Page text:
Effective March 10, 2007, the Department of Defense (DoD) Procurement and Acquisition Policy has suspended the use of the price evaluation adjustment for businesses qualifying as a Small Disadvantaged Business (SDB) under the Small Business Administration (SBA) Regulations.

The SBA's SDB program provides benefits in federal procurements for small businesses "owned and controlled by socially and economically disadvantaged individuals." 13 C.F.R. § 124.1001(b). The intent of the program is to assist federal agencies in achieving the government-wide goal of five percent SDB participation in prime contracting. To date, the DoD has granted SDBs a ten percent price evaluation adjustment in acquisitions, pursuant to 10 U.S.C. § 2323(e) and FAR Subpart 19.11. Section 801 of the Fiscal Year 1999 Defense Authorization Act, however, requires DoD to suspend this price evaluation adjustment for a period of one year if DoD achieves its five percent goal for contract awards to SDBs over a fiscal year.

Because DoD exceeded its five percent goal for the fiscal year 2006, it has suspended the SDB price evaluation adjustment. The suspension will be in effect for one year and will apply to solicitations issued from March 10, 2007, to March 9, 2008. DoD will evaluate whether to continue the suspension after March 2008 based upon the amount of DoD contract awards to SDBs achieved for fiscal year 2007.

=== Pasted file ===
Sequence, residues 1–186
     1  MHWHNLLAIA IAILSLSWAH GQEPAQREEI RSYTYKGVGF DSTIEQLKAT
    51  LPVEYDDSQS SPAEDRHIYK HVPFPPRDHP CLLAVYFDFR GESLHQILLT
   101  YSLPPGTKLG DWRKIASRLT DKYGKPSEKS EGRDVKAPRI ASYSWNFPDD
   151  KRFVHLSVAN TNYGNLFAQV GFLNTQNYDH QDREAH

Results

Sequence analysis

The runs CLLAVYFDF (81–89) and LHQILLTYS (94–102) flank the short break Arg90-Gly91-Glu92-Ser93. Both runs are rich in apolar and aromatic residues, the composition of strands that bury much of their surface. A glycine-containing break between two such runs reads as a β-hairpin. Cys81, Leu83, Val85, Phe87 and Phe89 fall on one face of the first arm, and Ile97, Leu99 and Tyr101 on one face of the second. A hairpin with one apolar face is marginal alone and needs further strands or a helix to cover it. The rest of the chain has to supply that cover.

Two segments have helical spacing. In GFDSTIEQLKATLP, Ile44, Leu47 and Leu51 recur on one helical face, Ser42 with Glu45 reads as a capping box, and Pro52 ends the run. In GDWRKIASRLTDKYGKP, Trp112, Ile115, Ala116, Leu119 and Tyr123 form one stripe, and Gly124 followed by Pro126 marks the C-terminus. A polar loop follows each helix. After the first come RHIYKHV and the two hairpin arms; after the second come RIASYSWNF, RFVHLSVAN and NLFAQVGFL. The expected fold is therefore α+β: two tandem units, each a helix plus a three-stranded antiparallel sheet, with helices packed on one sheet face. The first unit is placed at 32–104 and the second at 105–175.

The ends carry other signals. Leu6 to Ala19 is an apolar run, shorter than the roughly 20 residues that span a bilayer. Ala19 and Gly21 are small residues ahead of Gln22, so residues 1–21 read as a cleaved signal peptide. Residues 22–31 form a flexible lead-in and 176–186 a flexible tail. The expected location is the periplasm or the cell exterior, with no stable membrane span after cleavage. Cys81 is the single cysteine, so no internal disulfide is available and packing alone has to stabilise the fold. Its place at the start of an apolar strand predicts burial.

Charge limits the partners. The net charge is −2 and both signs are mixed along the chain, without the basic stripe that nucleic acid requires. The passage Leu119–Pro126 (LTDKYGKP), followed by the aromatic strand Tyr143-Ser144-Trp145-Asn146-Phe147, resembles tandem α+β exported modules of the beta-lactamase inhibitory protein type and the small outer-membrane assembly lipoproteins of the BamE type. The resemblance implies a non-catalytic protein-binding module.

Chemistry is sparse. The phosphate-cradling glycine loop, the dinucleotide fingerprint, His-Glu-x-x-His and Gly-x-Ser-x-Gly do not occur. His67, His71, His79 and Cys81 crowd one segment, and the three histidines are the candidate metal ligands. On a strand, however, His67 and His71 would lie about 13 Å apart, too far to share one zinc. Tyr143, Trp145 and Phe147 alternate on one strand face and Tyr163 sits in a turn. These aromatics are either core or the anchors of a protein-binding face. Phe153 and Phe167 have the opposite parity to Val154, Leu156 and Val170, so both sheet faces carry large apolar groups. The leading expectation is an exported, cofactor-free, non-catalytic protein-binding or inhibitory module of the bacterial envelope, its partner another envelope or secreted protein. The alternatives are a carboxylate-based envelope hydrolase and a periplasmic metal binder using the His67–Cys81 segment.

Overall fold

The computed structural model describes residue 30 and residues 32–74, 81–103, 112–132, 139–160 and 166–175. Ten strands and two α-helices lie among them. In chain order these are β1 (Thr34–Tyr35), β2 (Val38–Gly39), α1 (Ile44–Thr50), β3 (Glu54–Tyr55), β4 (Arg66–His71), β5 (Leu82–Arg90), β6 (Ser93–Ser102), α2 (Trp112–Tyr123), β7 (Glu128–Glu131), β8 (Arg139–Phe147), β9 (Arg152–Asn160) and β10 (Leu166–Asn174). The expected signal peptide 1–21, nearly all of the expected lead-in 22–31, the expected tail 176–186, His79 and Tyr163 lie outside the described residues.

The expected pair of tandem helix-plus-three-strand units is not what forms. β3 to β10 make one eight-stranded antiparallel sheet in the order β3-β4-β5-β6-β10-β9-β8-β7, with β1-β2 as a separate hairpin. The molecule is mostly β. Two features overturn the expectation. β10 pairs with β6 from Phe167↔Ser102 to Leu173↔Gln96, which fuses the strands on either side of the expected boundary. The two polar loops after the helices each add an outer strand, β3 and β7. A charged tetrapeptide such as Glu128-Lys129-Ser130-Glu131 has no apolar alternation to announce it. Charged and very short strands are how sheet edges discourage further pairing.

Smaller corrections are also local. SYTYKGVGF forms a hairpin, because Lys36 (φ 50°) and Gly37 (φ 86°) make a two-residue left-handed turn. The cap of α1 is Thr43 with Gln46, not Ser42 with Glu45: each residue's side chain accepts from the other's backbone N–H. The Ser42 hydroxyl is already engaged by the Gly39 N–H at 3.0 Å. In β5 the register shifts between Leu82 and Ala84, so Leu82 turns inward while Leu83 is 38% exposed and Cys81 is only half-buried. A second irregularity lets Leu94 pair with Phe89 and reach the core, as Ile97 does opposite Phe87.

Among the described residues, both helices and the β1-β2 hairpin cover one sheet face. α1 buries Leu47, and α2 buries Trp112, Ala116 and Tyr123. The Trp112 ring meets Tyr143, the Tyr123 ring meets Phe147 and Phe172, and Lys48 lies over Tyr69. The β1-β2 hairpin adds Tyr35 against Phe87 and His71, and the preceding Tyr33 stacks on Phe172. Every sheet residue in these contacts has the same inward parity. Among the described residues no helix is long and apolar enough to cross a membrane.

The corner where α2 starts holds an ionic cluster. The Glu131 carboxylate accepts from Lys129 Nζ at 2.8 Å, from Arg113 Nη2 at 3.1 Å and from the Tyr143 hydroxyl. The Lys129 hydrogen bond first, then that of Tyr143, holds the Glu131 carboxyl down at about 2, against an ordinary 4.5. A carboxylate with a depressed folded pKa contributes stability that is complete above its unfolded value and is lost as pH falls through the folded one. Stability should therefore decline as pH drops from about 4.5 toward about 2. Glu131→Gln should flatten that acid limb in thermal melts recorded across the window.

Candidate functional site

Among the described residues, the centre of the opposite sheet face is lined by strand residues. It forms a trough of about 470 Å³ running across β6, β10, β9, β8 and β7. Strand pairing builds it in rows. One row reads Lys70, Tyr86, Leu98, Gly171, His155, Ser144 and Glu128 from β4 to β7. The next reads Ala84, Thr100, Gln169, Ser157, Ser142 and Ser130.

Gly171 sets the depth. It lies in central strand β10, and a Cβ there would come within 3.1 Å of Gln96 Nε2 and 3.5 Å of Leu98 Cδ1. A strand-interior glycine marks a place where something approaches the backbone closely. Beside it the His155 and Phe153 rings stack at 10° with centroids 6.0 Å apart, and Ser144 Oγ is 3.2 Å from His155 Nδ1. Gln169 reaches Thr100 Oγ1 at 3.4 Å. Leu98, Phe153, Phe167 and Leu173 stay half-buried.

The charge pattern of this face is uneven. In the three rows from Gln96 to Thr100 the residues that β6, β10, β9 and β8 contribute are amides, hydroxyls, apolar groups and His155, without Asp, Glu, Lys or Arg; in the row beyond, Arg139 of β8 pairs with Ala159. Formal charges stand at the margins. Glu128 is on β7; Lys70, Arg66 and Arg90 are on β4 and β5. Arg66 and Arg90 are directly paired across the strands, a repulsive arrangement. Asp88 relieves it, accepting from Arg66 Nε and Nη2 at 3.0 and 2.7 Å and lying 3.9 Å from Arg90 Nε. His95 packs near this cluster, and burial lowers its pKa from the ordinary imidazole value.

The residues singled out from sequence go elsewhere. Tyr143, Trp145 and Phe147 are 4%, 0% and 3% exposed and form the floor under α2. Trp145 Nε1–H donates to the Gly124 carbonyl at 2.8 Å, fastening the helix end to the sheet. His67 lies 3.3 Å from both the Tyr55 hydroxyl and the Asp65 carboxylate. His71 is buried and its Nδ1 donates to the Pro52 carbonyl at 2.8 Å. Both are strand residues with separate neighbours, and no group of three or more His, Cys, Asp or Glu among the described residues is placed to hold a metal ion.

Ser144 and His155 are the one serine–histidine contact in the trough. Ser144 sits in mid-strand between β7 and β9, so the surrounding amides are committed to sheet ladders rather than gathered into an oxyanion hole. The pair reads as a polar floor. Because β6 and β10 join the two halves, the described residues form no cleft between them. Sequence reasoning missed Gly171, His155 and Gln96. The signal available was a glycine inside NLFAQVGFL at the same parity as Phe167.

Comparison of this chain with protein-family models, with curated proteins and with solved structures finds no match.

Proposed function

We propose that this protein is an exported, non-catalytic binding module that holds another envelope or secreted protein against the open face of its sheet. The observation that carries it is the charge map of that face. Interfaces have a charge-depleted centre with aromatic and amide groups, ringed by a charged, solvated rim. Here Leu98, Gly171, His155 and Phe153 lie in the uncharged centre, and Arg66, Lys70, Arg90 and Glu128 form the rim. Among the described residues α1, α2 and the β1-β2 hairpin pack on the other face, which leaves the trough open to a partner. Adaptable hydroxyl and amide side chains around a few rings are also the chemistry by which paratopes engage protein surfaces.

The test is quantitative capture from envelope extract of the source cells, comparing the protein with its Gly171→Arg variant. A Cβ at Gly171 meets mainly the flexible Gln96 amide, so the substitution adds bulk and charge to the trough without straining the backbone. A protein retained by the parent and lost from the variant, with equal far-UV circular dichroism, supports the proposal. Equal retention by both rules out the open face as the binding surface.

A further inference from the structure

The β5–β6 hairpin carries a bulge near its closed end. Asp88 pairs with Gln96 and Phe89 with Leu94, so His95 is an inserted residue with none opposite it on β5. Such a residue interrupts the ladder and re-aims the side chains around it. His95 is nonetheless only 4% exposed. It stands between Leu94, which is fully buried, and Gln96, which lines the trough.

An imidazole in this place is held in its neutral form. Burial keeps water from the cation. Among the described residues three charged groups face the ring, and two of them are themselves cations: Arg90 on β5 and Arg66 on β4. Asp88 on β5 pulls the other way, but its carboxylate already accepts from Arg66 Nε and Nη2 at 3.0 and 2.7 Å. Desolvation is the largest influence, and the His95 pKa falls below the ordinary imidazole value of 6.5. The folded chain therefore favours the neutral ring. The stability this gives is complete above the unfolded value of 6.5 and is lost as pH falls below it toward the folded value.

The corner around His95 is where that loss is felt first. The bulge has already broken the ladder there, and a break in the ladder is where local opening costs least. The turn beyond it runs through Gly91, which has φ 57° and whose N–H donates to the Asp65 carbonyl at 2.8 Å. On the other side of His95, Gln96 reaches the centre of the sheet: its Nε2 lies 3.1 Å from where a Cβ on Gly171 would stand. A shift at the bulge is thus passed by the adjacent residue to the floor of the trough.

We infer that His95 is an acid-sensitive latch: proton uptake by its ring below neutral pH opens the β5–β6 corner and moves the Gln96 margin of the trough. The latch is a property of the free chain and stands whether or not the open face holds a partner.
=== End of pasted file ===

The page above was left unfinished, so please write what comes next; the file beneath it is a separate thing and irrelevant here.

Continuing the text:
The impact of the suspension on SDBs is made even more dramatic considering that, effective June 30, 2007, SBA will insert three exceptions to its rule that a concern that qualified as a small business at the time it received a contract is considered a small business throughout the life of that contract, including options. Under the change, a contractor will be required to recertify its small business size: (1) if it has gone through a transaction that required a novation of contract; (2) if it is acquired without the need for a novation; or (3) when performing contracts of a duration of more than five years, prior to the end of the fifth year of the contract and prior to the agency's exercise of any option after that fifth year. Most important, under all three exceptions, if the contractor cannot recertify itself as small, the agency administering the contract can no longer count options or orders issued pursuant to the contract toward its small business goals. Thus, not only will SDBs lose their price evaluation preference with DoD for the next year, but the recertification rules will detrimentally impact how agencies can treat SDBs and, accordingly, the way government contractors will value small businesses they are considering acquiring.